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16

Often a mv is closer to a rename than a copy. In a classic unix type file system, the inodes that contain the file data won't be replicated if the source and the destination are on the same mount point. Instead a new filename is created that points to the same inodes, and the old filename is unlinked. If the mv is to another mount point, then it will be ...


11

This statement is odd: split("0,2,4,5,7,9,11,12",a,","); It repetitively splits a constant string to create an array a. If you move that into a BEGIN section, the program should work the same — without allocating a new copy of the a array for each input-record. Addressing comments: the for-loop and expression do not allocate memory in a simple ...


8

In your second reference, where it says The memory allocator gets a big chunk of memory (say, 4 pages, or 4 * 4 KiB) and divides this into much smaller chunks "the memory allocator" is not the kernel but the libc routines like malloc. The kernel allocates memory to the process in page-sized chunks. malloc keeps track of used and unused portions of ...


5

You can press the following keys: e -- Change the scaling factor on the summary display Shift+e -- Change the scaling factor on the task Shift+w -- Save current settings


5

This is not a loop, but recursion and the memory increases linear over the time, which is what you don't want. If you want a loop with constant memory usage, you can do it this way: #!/bin/sh while 1; do mysql -h "localhost" -u "root" "-p********" "database" < "update.sql" sleep 5 done


5

How can I see the raw memory data used by an application... Once you have obtained the process' PID (using ps(1) or pidof(8) for instance), you may access the data in its virtual address space using /proc/PID/maps and /proc/PID/mem. Gilles wrote a very detailled answer about that here. ... and all the files its accessing in my filesystem, network data ...


5

If the system supports process accounting, and accounting is enabled, then there may be records available in the process accounting file, e.g. on RedHat Linux: $ grep -q BSD_PROCESS_ACCT=y /boot/config-* && echo hooray hooray $ sudo touch /var/log/pacct $ sudo accton /var/log/pacct $ ... $ sudo accton # turn it off Parsing the acct(5) file is ...


5

The short story: If your mobo posts, and your system boots, and free/top show your ram as 16 gB, then it works. Even mobo makers can under-report capacity of system boards, so the real test is if ram is installed correctly, matched correctly, runs, ie, boots, and runs with stability, ie, doesn't crash, then it works. You can also test by trying to use all ...


5

niceload --noswap yourprg is made for exactly that situation: It looks at swapping activity: If swapping out: Let process run If swapping in: Let process run If swapping in and out: Suspend process until swapping stops and resume the process when swapping has stopped It does not suspend the process before the swapping starts, but lets swapping run for 1 ...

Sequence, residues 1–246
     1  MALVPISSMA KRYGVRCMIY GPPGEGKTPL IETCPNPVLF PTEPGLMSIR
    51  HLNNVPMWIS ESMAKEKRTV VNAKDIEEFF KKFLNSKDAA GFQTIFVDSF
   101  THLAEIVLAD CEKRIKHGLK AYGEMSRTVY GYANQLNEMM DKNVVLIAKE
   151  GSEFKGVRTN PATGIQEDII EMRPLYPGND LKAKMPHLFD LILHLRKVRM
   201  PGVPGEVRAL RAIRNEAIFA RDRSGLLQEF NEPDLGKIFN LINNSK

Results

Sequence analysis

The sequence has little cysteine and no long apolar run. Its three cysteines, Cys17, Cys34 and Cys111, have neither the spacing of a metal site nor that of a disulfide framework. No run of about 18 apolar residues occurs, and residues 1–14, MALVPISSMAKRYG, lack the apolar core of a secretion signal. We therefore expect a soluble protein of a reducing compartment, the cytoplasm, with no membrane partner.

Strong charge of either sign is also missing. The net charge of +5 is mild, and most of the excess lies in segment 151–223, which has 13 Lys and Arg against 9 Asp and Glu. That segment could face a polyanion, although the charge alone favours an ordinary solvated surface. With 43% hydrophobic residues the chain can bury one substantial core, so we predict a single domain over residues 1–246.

5

MemAvailable is included in /proc/meminfo since version 3.14 of the kernel; it was added by commit 34e431b0a. That's the determining factor in the output variations you show. The commit message indicates how to estimate available memory without MemAvailable: Currently, the amount of memory that is available for a new workload, without pushing the system ...


4

From what you have posted it doesn't seems like you under stand how memory works in Linux. I recommend reading http://www.linuxnix.com/find-ram-size-in-linuxunix/ http://www.itworld.com/article/2722141/it-management/making-sense-of-memory-usage-on-linux.html http://www.linuxatemyram.com/ The jist of those sites is that you have more "free" ram then ...


4

Here's a perl equivalent that doesn't leak: perl -lne 'BEGIN { @a=(0,2,4,5,7,9,11,12);} for ($i = 0; $i < 1; $i+= 0.0001) { printf("%08X\n", 100*sin(1382*exp($a[$F[0] % 8]/12)*log(2))*$i) }' It's almost identical. $1 gets replaced by $F[0] and i is replaced with $i. The hash a is replaced with an actual array, @a. You would be wise to generate ...


4

free is provided by procps-ng; Debian 8 has version 3.3.9, which uses the old style with a separate line for buffers/cache, while Gentoo and presumably RHEL 7.x have version 3.3.10 or later which uses the new style. You can see the reasoning behind the change in the corresponding commit message. If you really want the old-style output you can run an older ...


4

Processes are managed by the kernel. The kernel doesn't care how the programmer allocates variables. All it knows is that certain blocks of memory belong to the process. The C runtime matches C memory management features to kernel features: automatic variables go into a memory block called “stack” and dynamic storage (malloc and friends) go into a memory ...


3